For whatever reason, one might have thought that the lockdown due to the COVID-19 pandemic would be a blessing for creativity, a fertile time of artists. Somehow the reality has turned out a bit different. The new normal has given birth to new anxieties. How do you balance making art and doing the dishes? At present, most of the film industry is not working, except some, whose nature of their jobs allow them to work from home. Even though film production, like everything else, has hit the pause button, writers and composers are among those who are able to get some work done during the lockdown. We spoke to 3 screenwriters, 2 composers and a lyricist about how they are coping with the new environment, and managing to work through it.
In her writing time, Chaturvedi generally keeps the curtains in her room drawn to shut herself from the outside world. These days there is 'such stillness in the air' that she has decided to keep them open, and let life in. Chaturvedi is married, with a daughter and a dog, and with a father who has a medical condition. Living in a Red zone building has brought upon her new responsibilities, such as "ensuring the elders of the building get everything including that they have access to, to check on WhatsApp that they have not missed any message that has come". "I can't just behave like Oh I am a writer I don't care about them…I did not think I will be able to make that excel sheet ever to write down the stores or flat numbers," she says. There are good writing days and bad writing days—and abstract puzzles have been helpful. At the same time she's grappling with those fundamental questions about how the pandemic is going to impact storytelling. She has been working on two dialogue projects and a feature film project. She has turned down offers that asked if if she "has anything ready that they can start on", because according to her, this is a time to revaluate and introspect as storytellers. An idea she thought is good until February suddenly doesn't fit into the new world anymore. She says that her next, Shoojit Sircar's Gulabo Sitabo, starring Amitabh Bachchan and Ayushmann Khurrana, which was supposed to release in April, has a theme that is somehow relevant to the current moment—and that's a big relief considering "even 2019 is now seeming like an old era".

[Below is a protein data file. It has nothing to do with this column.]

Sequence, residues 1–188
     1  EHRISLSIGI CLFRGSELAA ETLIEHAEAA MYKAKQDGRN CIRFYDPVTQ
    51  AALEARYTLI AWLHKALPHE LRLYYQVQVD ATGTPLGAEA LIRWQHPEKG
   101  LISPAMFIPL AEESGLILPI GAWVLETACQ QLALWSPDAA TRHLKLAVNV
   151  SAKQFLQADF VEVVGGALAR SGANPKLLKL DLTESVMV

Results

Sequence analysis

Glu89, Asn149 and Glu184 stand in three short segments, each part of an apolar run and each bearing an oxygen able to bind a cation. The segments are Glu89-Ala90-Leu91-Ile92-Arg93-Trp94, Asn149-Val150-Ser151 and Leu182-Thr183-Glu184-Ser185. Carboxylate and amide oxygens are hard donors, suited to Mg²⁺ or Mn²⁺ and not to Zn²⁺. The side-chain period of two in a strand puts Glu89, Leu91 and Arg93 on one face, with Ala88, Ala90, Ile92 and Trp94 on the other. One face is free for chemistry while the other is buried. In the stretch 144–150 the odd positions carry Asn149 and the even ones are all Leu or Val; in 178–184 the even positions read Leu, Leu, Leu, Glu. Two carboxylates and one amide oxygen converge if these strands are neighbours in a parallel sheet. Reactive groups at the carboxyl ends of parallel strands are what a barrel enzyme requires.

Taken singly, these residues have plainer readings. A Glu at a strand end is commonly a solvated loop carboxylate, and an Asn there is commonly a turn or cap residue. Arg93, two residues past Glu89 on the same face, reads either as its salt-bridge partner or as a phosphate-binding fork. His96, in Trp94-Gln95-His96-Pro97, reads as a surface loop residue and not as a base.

Shrivastava does a large part of writing in cafes, in airports and flights, where the constant buzz of strangers and the anonymity puts her into her space. During the lockdown, she has found herself constantly 'doom searching', reading long form articles about how the world will be after Covid 19, letting her mind wander and staring at the ocean. Luckily, she and her editor are working for a web series in a virtual edit room, where you "can see all the footage, the timeline, and is as close as one can be to actually being there in the same edit room." Originally, she had planned to write a new movie in these months. But she feels "everything we watch and make much after Covid will have to be somehow informed by it—even if it is not set in the Pandemic." "If you feel like there will be another world on the other side of the tunnel, I don't know what that world will be," she says. At the same time, Shrivastava who lives alone, has to deal with something far more mundane and basic: she has never cooked in her life before, but now has to manage.
Dasgupta is in "a weird head space". Only her studio's AC is working— the ACs in the other two other rooms conked off in the midst of the lockdown. The studio is doubling as the place to sleep at night for all the members of the household, which includes her husband photographer Craig, an American, and their two pet cats. While he wakes up early and "gets shit done"; she gains her pace slowly. Her cats wake her up at 5:30 am—even if she has gone to bed late. She opens her eyes and finds them staring at her, like a horror film, she says. She has been watching a lot of horror films, and feeling like scoring one. At the cost of sounding pretentious, she says wants to compose "something dark". Dasgupta's process involves recording with a lot of live instrumentalists. And although she is used to collaborating remotely with musicians from Canada and New York and Europe, "there is some music that" she can't "program, say, like a guitar bend, a slide, or the way an instrumentalist comes up with 5 or 6 different ways of doing that". Add do that, she hates the flat, from where you can't see the sky. Since last year, she has been dreaming about leaving city life, toying with the idea of working remotely, so she can "do a Polish film from China, or a Hindi film from Toronto". Now here she is: Trapped.